Wild Justice destroying the birds they seek to protect
Updated: Apr 23, 2020
Many will have now heard of Wild Justice. The campaign group is run by three directors: the BBC’s Chris Packham, ex-RSPB officer Mark Avery and former customs officer, Ruth Tingay.
They claim to be have been founded “to fight for wildlife”. It’s an admirable aim; but the problem is their methods are actually having the reverse effect of their intention.
As a direct consequence of their actions more wildlife is being lost; and the species most affected by their actions are not common species, but those that are already rare and endangered in the UK.
One of Wild Justice’s main campaigns has been fighting against General Licences. Last spring, Natural England were forced to revoke three General Licences after a legal challenge from Wild Justice, which resulted in farmers, gamekeepers and indeed many committed ornithologists being unable to control the spiralling numbers of wild birds, including crows, pigeon and magpie, that destroy crops and predate on the nests of endangered species.
That situation – widely considered to have been a licensing fiasco – was remedied: to some degree. Since then, recipients of licenses have time and again been promised by Natural England a “fit for purpose” system that is both robust and easy to understand. This hasn’t yet been delivered.
And yet, Wild Justice are still determined to bring more cases to court, hiring Leigh Day – the law firm better known for being behind a so-called “witch hunt” of British troops in Iraq, which earned the company £11m in costs from the MOD – to now pursue Natural Resources Wales. Just last week, Defra described Wild Justice’s judicial review into the release of gamebirds as “pointless”, and asked the court to reject it.
But even without Wild Justice’s continued legal threats, the current General Licence system is far from what could be described as being “in full working order”.
A General Licence now exists to control many pest species; but there are a number of exceptions. One of these exceptions applies to designated sites such as Special Protection Areas and Sites of Special Scientific Interest – which includes the vast majority of most grouse moors in the UK, where most of the endangered species have their strongholds. This means that the current General Licences don’t apply to most grouse moors, who instead need to apply for Individual Licences – known as form A08.
These Individual Licences are valid from the date they are granted until 31 December of that year. But recent figures show that although Natural England have so far received over 1000 applications in 2020, they have not issued a single individual licence and, as yet, no indication has been given as to when that might change.
This means that, by law, gamekeepers cannot control pests to protect endangered ground nesting waders or grouse on designated sites. Instead they must stand by and watch the ever-increasing numbers of crows, gulls and magpies decimate these key species.
The irony here is that the reason that many of these landscapes were made special protection areas in the first place was specifically because of the value that these managed moorland habitats have to many amber and red listed ground-nesting birds.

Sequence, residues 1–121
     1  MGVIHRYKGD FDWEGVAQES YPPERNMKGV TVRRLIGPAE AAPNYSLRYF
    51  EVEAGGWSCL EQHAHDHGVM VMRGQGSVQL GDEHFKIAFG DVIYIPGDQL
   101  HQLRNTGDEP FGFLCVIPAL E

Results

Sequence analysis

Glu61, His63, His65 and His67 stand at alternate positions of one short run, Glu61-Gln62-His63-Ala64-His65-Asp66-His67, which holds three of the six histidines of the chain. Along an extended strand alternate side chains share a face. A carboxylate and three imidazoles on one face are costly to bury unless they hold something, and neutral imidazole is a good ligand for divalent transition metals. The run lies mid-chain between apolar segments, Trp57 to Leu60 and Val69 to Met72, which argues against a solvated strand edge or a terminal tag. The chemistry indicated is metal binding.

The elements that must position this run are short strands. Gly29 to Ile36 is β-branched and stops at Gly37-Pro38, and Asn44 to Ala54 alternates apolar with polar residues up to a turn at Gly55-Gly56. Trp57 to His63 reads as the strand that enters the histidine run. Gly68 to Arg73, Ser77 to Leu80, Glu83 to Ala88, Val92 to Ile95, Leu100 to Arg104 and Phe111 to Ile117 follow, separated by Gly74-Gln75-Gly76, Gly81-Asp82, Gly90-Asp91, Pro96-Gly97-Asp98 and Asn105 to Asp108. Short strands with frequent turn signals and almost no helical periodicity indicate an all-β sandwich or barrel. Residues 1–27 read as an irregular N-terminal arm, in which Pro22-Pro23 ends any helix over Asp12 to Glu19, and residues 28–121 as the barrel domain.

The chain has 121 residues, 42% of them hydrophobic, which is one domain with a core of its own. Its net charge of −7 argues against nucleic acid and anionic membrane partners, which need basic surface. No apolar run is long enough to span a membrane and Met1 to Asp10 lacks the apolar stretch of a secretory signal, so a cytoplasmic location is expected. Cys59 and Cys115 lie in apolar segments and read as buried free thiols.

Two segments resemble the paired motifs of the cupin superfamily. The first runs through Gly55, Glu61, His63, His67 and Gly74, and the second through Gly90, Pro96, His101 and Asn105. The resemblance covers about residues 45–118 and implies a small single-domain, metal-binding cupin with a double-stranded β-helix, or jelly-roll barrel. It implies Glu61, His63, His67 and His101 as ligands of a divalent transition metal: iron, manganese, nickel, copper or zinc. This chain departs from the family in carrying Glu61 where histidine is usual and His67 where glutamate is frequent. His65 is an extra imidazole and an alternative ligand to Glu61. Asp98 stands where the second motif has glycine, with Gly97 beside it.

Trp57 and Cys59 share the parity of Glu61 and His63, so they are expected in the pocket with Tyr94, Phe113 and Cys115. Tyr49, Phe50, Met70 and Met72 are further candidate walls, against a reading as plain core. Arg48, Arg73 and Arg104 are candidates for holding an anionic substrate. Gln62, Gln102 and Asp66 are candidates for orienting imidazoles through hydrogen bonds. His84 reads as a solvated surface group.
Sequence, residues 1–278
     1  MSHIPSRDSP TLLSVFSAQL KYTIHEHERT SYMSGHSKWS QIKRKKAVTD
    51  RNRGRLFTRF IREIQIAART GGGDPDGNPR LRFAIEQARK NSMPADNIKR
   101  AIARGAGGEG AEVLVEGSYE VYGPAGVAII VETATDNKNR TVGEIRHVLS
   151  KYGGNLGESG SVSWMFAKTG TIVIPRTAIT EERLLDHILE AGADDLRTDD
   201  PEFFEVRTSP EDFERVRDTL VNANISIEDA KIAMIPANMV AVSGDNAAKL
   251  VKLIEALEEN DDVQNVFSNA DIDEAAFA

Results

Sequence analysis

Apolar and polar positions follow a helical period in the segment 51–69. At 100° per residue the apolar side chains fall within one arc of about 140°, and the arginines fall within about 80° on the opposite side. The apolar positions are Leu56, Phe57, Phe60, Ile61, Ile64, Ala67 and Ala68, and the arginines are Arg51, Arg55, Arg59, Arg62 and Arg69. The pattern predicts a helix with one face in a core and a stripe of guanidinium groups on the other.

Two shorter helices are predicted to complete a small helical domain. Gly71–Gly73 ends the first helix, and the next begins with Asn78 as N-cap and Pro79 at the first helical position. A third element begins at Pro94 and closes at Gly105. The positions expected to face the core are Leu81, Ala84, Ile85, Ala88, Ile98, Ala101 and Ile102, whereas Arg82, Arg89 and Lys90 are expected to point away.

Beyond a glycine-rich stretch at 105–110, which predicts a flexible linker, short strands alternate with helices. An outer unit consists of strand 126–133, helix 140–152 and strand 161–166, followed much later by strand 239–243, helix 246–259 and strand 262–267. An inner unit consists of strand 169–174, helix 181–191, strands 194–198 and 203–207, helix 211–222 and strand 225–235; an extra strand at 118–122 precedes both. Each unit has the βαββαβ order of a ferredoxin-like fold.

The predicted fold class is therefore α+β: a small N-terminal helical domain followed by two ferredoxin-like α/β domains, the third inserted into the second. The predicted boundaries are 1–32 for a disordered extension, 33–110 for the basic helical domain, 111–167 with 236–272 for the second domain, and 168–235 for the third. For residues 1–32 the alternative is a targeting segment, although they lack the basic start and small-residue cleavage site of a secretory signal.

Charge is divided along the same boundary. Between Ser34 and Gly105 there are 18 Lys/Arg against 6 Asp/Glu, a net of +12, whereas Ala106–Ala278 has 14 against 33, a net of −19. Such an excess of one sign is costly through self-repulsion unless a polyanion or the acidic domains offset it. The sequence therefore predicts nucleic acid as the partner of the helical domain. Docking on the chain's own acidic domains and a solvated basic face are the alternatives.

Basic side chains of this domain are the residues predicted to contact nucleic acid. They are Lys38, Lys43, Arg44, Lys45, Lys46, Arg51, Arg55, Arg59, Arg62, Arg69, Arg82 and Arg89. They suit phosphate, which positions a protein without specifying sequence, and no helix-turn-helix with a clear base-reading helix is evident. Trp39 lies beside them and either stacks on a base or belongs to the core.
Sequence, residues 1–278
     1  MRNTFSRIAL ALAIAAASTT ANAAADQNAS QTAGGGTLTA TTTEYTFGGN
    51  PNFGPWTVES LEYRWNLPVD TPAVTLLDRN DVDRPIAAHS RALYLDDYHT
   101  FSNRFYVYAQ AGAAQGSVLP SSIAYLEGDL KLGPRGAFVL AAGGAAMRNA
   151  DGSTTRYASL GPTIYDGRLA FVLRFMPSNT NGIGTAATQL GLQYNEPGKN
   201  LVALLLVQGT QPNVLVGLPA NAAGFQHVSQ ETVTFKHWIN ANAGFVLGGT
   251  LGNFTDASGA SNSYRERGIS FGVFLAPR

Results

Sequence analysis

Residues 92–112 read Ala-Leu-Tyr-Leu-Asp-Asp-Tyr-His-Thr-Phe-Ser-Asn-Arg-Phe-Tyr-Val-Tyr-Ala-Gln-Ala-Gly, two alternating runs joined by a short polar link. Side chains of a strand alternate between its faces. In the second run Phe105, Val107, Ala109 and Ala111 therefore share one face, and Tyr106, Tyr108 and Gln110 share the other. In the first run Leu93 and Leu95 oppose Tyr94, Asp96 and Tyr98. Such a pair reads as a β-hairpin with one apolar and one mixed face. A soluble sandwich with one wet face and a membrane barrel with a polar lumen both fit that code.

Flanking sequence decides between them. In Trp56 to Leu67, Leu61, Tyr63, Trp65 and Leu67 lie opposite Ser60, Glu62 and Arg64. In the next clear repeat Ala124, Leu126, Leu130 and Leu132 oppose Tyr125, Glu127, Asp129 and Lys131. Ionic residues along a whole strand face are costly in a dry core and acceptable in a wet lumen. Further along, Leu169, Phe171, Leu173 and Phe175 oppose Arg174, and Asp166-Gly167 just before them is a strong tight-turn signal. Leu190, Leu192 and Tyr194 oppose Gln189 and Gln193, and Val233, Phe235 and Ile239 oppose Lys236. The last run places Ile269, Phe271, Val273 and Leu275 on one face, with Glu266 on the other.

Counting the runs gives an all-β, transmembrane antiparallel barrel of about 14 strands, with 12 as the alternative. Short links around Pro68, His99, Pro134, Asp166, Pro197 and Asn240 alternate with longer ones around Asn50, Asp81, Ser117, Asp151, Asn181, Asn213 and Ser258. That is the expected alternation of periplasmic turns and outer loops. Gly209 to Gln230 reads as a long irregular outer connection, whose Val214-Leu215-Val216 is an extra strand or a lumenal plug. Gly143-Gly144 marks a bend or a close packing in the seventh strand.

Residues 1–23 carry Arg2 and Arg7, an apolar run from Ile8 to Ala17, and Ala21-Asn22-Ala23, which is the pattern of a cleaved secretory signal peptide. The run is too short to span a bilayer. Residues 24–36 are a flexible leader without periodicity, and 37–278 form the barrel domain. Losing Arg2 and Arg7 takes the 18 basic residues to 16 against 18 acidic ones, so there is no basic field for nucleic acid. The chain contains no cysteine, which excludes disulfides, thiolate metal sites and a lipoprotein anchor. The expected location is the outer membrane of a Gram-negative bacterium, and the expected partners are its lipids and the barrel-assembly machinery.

Take the North York Moors Special Protection Area, which exists to “restrict the predation of and disturbance to breeding Golden Plover by native and non-native predators”. Or Nidderdale AONB, which stated last year that, for curlew: “Nidderdale AONB is a stronghold, with their breeding success bolstered by grouse moorland management”. The curlew is one of the most threatened and endangered species in the UK today and the government have an obligation to protect this species.
As it stands, many moorland estates are currently unable to control corvid or gull numbers, which is essential when coming into the breeding season. Curlew take three years to mature to breeding age, and every season that birds are lost is another nail in the coffin for these birds and other red listed species that rely on managed moorland.
It is not just private owned moorland estates that have been impacted by this. The legislation has also had significant impact upon great areas of RSPB managed moorland.
Many of the RSPB officials and the volunteers who spend time on their reserves are privately aghast at the implications of the actions taken by one of the former employees, Mark Avery, who now runs Wild Justice. There is also increasing concern at the close relationship between the RSPB’s Chairman Kevin Cox and the BBC’s Chris Packham, which is said to go back to their time publishing the Really Wild Show magazines in the 1990s.
Speaking on condition of anonymity, one of their members told us: “The approach taken by Wild Justice is one of utter delinquency and seems based solely on a personal gripe against the farming and shooting community. It is such a waste of government resources having to sort this mess out, particularly at a time of crisis. The RSPB management shouldn’t be cosying up to these people; their actions are directly at odds with the welfare of the country’s most endangered species of birds we should be protecting.”
The responsibility for this disaster can be placed entirely on the actions of Wild Justice, whose consistent attacks on Natural England and their General Licence protocol risk causing an unprecedented failure in breeding success for many rare bird species. What an utterly pointless, misguided and damaging crusade Wild Justice have embarked upon.